(Coach Starsia is a contributor writer for BTB LAX.)
One of the coaching questions I am asked most frequently is establishing the ability to achieve and maintain a consistent level of performance. We would all like our teams to play their best every game and are desperate to avoid those sub-par performances.
One of the great joys of our sport at the college level is that most of the best teams play each other during the regular season. It is a feast for fans but is a challenge for coaches and players. During most of my time at Virginia, we had a stretch of consecutive weekends that began with Syracuse at the end of February and proceeded through Cornell, Notre Dame, Hopkins, Maryland, North Carolina, Duke and the ACC Tournament in succession. How do you go through a run of games of this caliber and maintain the emotional and physical edge required to succeed?
It was early in my career when I first became aware of John Gagliardi, the head football coach at St John’s University in central Minnesota. The winningest college football coach in history (489 wins) built a program and a career on an unlikely philosophy called “Winning with No’s”. In his system, there was no calisthenics, no sprints, no tackling dummies, no whistles, no live tackling (ever) and…no big games. It is certainly hard to imagine most of the football coaches in my lifetime agreeing to abide by such a radical ideology. At the same time, we are all such copy cats and football coaches are simply choosing to ignore the most successful formula.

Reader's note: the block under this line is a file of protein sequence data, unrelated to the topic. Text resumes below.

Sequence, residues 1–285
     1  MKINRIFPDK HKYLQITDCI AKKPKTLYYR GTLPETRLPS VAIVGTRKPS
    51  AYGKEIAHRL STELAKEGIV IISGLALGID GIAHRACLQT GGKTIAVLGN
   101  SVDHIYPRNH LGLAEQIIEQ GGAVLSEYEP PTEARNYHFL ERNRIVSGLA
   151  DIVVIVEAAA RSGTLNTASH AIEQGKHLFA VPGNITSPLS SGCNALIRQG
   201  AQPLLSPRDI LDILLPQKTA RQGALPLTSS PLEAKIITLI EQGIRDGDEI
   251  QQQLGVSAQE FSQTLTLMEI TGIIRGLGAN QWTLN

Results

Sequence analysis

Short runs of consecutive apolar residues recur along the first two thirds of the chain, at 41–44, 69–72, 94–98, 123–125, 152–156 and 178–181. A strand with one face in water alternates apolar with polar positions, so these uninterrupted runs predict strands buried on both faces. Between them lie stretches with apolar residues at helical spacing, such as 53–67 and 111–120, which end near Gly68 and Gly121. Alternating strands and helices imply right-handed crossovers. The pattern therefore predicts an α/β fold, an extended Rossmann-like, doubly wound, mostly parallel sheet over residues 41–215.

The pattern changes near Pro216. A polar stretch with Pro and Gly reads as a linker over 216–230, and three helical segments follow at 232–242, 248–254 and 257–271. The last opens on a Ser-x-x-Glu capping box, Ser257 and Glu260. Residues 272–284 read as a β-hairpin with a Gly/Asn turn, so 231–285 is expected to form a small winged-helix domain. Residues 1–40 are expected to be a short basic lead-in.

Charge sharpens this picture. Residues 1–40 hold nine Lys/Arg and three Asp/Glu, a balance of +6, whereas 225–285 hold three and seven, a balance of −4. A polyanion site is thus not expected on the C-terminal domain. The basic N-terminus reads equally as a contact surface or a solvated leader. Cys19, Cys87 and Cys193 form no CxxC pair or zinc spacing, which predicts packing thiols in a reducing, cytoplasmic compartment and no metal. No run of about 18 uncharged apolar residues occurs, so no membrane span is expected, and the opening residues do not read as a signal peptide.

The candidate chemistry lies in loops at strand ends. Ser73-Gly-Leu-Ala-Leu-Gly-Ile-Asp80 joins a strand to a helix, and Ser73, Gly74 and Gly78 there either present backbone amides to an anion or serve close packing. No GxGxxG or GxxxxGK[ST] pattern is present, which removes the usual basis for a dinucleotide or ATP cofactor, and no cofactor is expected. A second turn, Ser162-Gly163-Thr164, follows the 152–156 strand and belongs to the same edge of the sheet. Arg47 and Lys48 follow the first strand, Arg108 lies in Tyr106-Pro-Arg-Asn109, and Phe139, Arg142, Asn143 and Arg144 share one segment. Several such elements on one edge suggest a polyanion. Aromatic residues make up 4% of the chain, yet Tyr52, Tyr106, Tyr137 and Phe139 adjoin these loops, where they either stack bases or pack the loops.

I did not read anything more about the concept of “no big games” but just that simple expression seemed a revelation. As coaches, we are always talking with our charges about getting ready for a big game. We want to play our best, Cornell is a “big game” but, what happens when the game ends and we have Notre Dame coming up? That is a big game too, is it bigger than Cornell? Players want truth, they want to be spoken to plainly and honestly. I think any coach would struggle making a convincing argument that you had big game after big game coming up one after the other throughout a long season. In addition, how do you make the argument for a midweek game between Hopkins and Maryland?
The concept of no big games became a liberating philosophy that addressed more than just game day emotional preparation. If there were no big games allowed, it was not complicated to elevate that idea to the next level and suggest that no day was more important than any other. By saying that “we want to have a good practice today”, are you suggesting that you won’t require that tomorrow? I realize that would not be anyone’s intention but, again, what are your players hearing? “No big games, no big days” means that every game and every day is the most important. We want to achieve and maintain a level of daily performance that will help us reach our final goals. I aspire to have a team that gets after it every day and expects of themselves to play their best no matter the name on the opponent’s jersey.
At the same time, I completely understand and accept that walking in to the Dome produced a different level of anticipation and excitement. However, we would never allow any talk of a “big game” throughout the week, either among ourselves or with the press. The players knew what was going on, it helped us focus on the daily effort. I do remember distinctly, being asked the morning of the National Championship game in 2003 by assistant coach David Curry…”how about today, Coach, big game today?” “Nope, David”, with a smile… “No Big Games Allowed”.